Coastal GasLink (CGL) is a pipeline under construction in British Columbia intended to transport natural gas to LNG Canada for export abroad. Like all other Canadian oil and gas infrastructure, CGL has met stiff opposition from activists who often speak mistruths about the project.
In light of promoting a more balanced, inclusive and fact-based discussion around why Canadian natural gas is good for the world, we'd like to debunk some of the myths said by pipeline opponents who often ignore the facts.
So, let's dispel the misinformation with these Coastal GasLink pipeline myths debunked! For more myth-busting articles, be sure to check out:
- MYTH: Wet'suwet'en Do Not Support Coastal GasLink
- 3 Reasons Why Insurers Should Back Canadian Pipelines
- Once Again, the United Nations Gets It Wrong on Indigenous Support for Canadian Pipelines
MYTH #1 - Coastal GasLink is Not Respecting Indigenous Rights
CGL opponents often make claims without including much-needed context, like when they suggest the pipeline is not respecting Indigenous rights.
Sure, a handful of Wet'suwet'en Hereditary Chiefs oppose CGL, but the elected Chief and council of the Wet'suwet'en fully support the project, as do five out of six Wet'suwet'en Bands. Many Wet'suwet'en Chiefs have said that 85 per cent or more of their respective communities also support the pipeline.
Indifferences between the Wet'suwet'en People's leadership should be figured out internally and without outside influence. Hence, when anti-pipeline opponents suggest CGL is not respecting Indigenous rights, it leaves proponents behind. These activists fail to mention some crucial facts:
> Of the 20 First Nations along CGL's proposed route, the elected chiefs and councils of every single community - including those of the Wet'suwet'en - support the pipeline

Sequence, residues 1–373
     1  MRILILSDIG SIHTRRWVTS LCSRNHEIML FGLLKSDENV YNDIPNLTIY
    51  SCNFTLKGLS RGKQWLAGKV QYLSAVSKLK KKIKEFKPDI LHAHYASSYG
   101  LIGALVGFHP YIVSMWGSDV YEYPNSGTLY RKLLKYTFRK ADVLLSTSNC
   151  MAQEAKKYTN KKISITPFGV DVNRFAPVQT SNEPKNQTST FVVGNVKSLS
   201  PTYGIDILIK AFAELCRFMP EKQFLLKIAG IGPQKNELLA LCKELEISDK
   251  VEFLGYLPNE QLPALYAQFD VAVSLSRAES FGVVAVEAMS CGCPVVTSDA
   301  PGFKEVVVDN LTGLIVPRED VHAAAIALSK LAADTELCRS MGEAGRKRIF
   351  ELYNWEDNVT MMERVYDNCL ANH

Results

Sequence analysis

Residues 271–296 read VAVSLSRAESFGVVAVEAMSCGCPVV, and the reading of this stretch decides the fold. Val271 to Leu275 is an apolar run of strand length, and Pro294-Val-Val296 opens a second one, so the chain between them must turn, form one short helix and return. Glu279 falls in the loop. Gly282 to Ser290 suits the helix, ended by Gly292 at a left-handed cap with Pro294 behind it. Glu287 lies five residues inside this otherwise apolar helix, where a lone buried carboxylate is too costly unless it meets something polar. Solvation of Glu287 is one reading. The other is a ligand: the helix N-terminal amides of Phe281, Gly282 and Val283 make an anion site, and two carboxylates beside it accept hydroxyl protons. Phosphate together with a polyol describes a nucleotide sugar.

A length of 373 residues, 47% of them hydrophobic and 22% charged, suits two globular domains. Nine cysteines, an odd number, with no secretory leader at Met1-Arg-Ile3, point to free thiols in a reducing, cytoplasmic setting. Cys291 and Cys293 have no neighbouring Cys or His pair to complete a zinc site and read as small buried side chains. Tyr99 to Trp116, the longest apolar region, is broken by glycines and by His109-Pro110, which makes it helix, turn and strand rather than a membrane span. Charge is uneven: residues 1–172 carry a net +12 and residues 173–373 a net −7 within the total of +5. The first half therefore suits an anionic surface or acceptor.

> To date, CGL has awarded $1 billion in contracts to local Indigenous businesses for services such as right-of-way clearing, medical, security, and camp management
> Coastal GasLink has signed a 10 per cent equity stake agreement with 16 First Nations along the proposed route
Chief Justin Napoleon of the Saulteau First Nations says his community is thrilled with the historic ownership agreement with CGL.
"We want to be partners; we want to be involved in the lifecycle of the project from ground-breaking to reclamation. Having the options to get involved in equity opens up the opportunity to have long-term economic benefit from a project that will be there for years," said Napoleon.
Chief Corrina Leween of the Cheslatta Carrier Nation also expressed her happiness with the ownership agreement.
"The finalization of the option agreement represents a historic milestone in our desire to participate as equity owners in the Coastal GasLink Pipeline. For many of us, this marks the first time that our Nations have been included as owners in a major natural resource project that is crossing our territories," stated the Chief.
CGL opponents have clearly left out the voices of indigenous proponents in the conversation in an attempt to mislead public discourse. However, given the facts above, Indigenous rights seem to be well respected by CGL at every turn.
Activists opposing CGL need to be more specific when they say "Coastal GasLink is not respecting the rights of Indigenous Peoples." It's clear that this statement is missing much-needed context about Indigenous proponents and the majority of Wet'suwet'en who say support the pipeline.
MYTH #2 - Coastal GasLink Will Contaminate the Headwaters at the "Wedzin Kwa" River
Coastal GasLink opponents suggest that the pipeline will contaminate sacred headwaters at the "Wedzin Kwa" river. But once again, much-needed context is left out of the discussion surrounding CGL and water crossings.